Experimental drug boosts blood system’s recovery after chemo/radiation

August 21, 2019

Chemotherapy and radiation are known to suppress the activity of blood stem cells, which gives rise to all of the body’s blood and immune cells. Although it typically takes several weeks or months for the blood and immune systems to recover after exposure to radiation, scientists from the University of California, Los Angeles (UCLA) have developed a drug that speeds up the regeneration of mouse and human blood stem cells.

For the preliminary trial, Dr. John Chute, a physician at UCLA, collaborated with Michael Jung, the UC Presidential Chair in Medicinal Chemistry and UCLA’s distinguished professor of chemistry and biochemistry, to design and test a specific cohort of drugs on human and mouse blood stem cells – essentially, a new PTP-sigma inhibitor.

The PTP-sigma protein was previously found to control the regeneration of neurons and blood stem cells -in mice with a PTP-sigma gene deficiency, blood stem cells regenerated faster after they were suppressed by radiation. However,while PTP-sigma belongs to a group of proteins which are notoriously hard to block, nearly all of the mice treated with the modified PTP-sigma inhibitor survived, while more than half of those that did not receive it died within three weeks. Apparently, the mice that were not subject to the successful treatment had dangerously low levels of white blood cells and neutrophils, the cells that fight bacteria and aid recovery.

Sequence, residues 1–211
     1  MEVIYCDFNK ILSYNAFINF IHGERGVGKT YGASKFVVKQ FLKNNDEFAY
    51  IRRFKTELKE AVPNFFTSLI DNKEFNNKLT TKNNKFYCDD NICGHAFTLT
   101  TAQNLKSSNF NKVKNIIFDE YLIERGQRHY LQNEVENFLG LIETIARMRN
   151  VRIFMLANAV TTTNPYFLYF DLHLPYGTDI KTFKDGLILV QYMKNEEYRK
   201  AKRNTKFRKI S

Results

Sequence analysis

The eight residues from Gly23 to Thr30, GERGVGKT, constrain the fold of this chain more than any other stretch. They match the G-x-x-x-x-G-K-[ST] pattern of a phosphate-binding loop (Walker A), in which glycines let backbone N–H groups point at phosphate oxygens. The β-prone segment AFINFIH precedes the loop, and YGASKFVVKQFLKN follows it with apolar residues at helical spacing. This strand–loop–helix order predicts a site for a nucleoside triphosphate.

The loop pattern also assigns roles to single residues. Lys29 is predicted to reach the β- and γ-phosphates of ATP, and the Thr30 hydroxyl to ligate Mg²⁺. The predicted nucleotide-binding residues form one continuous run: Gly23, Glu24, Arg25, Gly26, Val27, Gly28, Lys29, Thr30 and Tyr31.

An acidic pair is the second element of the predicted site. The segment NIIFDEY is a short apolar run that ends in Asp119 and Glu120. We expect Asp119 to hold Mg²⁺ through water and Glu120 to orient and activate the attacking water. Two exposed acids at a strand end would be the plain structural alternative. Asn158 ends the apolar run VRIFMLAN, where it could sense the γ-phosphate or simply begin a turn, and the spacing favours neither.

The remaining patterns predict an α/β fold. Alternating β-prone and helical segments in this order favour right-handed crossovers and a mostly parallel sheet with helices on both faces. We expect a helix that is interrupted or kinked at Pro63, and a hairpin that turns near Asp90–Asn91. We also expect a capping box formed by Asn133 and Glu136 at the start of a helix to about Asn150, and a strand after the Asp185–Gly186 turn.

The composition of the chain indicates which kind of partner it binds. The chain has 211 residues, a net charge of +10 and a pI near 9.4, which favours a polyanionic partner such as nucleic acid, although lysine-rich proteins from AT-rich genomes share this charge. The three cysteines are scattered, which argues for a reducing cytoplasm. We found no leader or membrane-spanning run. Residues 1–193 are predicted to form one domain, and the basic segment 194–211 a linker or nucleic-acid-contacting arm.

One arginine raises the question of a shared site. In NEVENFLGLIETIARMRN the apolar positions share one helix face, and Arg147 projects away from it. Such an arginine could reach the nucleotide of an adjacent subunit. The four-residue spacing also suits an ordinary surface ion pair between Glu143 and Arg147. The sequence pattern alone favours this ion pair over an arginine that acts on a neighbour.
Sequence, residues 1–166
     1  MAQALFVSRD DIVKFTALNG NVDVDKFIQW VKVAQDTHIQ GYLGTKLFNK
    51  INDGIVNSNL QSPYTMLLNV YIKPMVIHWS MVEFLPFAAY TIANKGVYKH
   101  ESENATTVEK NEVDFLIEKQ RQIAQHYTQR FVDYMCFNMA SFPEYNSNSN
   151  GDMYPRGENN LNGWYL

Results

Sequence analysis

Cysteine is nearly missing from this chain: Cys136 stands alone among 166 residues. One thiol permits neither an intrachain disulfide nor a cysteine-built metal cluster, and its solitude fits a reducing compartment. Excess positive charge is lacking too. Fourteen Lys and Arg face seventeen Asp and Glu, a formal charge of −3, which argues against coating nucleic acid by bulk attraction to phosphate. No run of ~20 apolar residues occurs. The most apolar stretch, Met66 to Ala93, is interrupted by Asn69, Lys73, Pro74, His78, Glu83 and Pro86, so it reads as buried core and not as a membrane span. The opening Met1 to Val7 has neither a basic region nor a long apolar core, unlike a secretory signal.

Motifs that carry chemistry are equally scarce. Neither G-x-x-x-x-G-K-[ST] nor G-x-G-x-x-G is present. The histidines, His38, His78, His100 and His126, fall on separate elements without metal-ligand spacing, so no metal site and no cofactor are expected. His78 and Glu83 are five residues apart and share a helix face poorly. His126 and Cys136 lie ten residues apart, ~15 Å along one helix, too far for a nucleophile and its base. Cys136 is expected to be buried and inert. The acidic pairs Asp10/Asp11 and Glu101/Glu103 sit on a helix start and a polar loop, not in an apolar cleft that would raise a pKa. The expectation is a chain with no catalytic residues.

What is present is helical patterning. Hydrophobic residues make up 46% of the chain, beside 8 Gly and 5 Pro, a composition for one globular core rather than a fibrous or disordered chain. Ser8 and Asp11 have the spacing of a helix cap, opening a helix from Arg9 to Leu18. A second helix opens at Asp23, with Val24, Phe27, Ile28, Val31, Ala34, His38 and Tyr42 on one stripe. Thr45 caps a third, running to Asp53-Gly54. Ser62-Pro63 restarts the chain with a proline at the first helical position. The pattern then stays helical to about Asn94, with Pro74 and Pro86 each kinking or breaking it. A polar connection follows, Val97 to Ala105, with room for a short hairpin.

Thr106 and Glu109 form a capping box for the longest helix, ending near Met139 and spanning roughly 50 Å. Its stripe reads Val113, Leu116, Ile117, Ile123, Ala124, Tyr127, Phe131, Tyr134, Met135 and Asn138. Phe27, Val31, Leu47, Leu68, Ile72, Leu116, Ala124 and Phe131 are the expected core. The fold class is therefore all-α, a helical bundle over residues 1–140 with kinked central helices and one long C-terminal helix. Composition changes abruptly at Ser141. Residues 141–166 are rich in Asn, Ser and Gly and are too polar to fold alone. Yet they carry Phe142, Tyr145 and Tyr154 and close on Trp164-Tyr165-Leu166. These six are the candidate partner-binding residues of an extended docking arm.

Currently, the newfound knowledge is guiding investigations into the mechanisms through which inhibiting PTP-sigma promotes the regeneration of blood stem cells, for safe and effective use in humans undergoing cancer treatment.

As the potency of the PTP-sigma compound in animal models was reliably high, Chute said human applications might begin sooner than expected – “It accelerated the recovery of important components of the blood system necessary for survival. If found to be safe in humans, it could lessen infections and allow people to be discharged from the hospital earlier.”


Category: Features, Pharmaceuticals

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